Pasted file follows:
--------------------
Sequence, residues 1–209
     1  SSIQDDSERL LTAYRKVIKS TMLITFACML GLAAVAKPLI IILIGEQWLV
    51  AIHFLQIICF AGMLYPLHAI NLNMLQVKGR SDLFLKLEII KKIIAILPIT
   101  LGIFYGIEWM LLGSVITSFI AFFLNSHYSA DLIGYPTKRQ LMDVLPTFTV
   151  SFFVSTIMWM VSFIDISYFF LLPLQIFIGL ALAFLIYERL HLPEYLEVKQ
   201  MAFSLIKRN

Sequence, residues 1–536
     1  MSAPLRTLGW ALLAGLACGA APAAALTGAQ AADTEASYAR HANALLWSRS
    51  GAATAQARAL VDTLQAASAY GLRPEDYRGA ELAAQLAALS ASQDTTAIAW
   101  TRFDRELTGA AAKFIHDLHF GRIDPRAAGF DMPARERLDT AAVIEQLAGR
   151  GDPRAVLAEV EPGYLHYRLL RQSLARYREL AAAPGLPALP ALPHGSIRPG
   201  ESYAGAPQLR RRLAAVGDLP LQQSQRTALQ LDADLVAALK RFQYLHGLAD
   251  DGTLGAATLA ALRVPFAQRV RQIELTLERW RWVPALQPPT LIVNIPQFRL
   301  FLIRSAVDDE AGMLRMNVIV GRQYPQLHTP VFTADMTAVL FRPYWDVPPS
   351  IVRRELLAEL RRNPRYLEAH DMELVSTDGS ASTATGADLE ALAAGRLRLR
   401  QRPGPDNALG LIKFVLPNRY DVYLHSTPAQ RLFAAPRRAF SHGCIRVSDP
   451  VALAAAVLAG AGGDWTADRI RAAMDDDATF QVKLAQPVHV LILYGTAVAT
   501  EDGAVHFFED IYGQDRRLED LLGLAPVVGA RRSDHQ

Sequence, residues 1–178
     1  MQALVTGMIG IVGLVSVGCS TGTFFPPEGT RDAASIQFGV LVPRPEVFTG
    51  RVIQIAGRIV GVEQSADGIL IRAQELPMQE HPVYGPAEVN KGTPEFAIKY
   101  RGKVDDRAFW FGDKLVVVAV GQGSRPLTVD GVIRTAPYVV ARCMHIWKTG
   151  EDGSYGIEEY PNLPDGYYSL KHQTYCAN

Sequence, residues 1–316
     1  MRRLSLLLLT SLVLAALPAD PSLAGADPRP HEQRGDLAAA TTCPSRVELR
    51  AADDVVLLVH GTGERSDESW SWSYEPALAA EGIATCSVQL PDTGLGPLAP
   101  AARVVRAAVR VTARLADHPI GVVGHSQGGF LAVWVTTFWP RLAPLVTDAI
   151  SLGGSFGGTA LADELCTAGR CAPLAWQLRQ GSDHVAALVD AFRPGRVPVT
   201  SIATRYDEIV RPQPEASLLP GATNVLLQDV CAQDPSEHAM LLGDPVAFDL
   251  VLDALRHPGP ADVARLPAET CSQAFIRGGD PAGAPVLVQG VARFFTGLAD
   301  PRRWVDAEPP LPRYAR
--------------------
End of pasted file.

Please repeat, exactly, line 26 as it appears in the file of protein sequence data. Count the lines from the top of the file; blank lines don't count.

    51  AADDVVLLVH GTGERSDESW SWSYEPALAA EGIATCSVQL PDTGLGPLAP